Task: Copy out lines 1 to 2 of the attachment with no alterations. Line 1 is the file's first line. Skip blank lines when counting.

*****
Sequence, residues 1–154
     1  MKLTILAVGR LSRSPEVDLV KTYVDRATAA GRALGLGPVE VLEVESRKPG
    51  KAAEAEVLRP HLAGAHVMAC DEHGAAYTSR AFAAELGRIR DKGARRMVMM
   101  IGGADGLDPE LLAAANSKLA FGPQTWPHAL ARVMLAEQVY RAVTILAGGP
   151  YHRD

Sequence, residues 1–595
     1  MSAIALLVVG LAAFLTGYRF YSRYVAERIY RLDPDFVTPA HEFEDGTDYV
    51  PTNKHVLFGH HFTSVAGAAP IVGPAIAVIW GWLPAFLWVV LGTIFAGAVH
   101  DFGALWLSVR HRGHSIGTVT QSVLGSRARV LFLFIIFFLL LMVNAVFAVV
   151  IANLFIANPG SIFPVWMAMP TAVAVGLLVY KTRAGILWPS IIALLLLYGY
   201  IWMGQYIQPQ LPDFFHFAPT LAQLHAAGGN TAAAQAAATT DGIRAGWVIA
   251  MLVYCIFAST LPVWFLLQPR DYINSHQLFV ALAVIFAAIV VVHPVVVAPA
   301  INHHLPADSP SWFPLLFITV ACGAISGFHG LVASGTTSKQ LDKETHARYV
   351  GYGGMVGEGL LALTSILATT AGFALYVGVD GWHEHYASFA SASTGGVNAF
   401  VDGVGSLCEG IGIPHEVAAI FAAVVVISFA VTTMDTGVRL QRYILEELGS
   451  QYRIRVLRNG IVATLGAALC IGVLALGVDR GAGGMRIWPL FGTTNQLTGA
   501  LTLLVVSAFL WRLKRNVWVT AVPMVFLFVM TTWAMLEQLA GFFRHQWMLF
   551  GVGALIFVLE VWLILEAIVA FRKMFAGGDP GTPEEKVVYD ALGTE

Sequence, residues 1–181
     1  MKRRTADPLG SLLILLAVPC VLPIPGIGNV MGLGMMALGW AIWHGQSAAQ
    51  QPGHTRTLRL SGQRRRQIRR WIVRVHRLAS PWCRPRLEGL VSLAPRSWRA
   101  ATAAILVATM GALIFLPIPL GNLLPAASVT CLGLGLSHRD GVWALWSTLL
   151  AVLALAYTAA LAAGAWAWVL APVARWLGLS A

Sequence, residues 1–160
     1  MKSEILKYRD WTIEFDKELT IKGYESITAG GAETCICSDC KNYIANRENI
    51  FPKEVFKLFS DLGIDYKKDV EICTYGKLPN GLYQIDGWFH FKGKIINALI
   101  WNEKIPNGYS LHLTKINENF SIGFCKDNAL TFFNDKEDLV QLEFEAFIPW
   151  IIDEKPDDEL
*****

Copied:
Sequence, residues 1–154
     1  MKLTILAVGR LSRSPEVDLV KTYVDRATAA GRALGLGPVE VLEVESRKPG